Réttir: The annual sheep round-ups begin
One of Iceland's oldest cultural traditions is the annual sheep round up in September, an event called Réttir.
Icelandic sheep are left to graze freely in mountains and valleys during the summer and farmers venture off on horseback to find them and bring them back home, an effort that can take a few days. Once the sheep are back home, they're herded up in outdoor sheep pens where farmers invite family, friends and basically anyone interested in helping to sort the sheep.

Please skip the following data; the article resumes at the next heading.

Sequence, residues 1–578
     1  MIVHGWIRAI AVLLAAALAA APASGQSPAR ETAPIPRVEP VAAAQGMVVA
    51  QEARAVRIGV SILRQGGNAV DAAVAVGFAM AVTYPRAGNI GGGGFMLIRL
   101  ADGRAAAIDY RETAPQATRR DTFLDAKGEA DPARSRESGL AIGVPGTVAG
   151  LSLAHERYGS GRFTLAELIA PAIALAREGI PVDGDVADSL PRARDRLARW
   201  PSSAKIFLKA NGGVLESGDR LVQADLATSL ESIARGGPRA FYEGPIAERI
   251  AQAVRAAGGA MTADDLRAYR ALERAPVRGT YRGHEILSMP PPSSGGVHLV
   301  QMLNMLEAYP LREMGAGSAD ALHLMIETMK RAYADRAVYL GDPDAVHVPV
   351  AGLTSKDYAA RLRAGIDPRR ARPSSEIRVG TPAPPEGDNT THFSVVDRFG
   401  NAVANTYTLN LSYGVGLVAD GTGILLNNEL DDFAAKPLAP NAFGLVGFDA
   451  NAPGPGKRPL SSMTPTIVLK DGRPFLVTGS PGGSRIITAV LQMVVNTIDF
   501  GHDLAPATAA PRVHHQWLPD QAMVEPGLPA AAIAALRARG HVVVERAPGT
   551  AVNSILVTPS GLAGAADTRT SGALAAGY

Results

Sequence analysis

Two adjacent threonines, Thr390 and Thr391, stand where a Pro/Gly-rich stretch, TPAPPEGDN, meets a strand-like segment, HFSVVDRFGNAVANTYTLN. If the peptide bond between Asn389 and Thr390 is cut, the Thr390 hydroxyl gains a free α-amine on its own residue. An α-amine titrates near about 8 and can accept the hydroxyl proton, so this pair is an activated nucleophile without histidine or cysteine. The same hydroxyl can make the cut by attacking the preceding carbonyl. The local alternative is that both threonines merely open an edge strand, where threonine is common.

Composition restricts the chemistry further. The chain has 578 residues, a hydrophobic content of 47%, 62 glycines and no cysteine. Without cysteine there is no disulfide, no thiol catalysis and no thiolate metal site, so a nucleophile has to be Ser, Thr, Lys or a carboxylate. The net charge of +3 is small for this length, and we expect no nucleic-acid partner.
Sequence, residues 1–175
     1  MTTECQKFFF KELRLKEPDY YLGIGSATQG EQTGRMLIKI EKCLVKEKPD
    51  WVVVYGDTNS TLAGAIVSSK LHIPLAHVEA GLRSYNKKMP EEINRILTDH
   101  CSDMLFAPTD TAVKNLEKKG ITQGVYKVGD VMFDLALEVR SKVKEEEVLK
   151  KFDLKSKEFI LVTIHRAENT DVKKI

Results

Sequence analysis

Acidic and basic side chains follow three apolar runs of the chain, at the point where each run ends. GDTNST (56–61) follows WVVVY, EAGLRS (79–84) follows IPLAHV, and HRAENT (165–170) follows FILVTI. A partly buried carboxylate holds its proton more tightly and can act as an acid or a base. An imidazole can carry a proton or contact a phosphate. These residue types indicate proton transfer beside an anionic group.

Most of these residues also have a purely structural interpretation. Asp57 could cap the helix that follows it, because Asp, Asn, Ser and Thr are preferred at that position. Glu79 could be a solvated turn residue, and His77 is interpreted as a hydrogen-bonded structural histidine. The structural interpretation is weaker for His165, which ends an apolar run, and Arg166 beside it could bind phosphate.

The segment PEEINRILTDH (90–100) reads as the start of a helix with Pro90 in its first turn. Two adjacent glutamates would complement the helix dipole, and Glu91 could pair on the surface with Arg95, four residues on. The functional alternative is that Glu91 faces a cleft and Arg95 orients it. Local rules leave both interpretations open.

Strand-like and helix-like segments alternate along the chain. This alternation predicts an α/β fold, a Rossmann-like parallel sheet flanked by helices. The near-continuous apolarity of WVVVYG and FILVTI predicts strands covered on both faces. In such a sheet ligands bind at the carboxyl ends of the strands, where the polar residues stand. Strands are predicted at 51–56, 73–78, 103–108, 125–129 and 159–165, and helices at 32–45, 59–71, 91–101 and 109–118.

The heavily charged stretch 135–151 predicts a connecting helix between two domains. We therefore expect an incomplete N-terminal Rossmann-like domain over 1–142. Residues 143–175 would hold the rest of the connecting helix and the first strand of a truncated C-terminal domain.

During the gathering, a sip of Brennivín and coffee is generally offered and some traditional singing. In some parts there's a Réttaball, an organised dance to celebrate the sheep rounds.
The following photographs were taken at sheep round-ups last weekend in Fljótsdalur, South Iceland by Morgunblaðið photographer, Árni Sæberg.
Here is a comprehensive list and map of all the round-ups in Iceland. It's in Icelandic but the dates and place names are easy to figure out!
Það eru allir hvíldinni fegnir enda búnir að vera að í tólf og hálfan klukkutíma. mbl.is/Árni Sæberg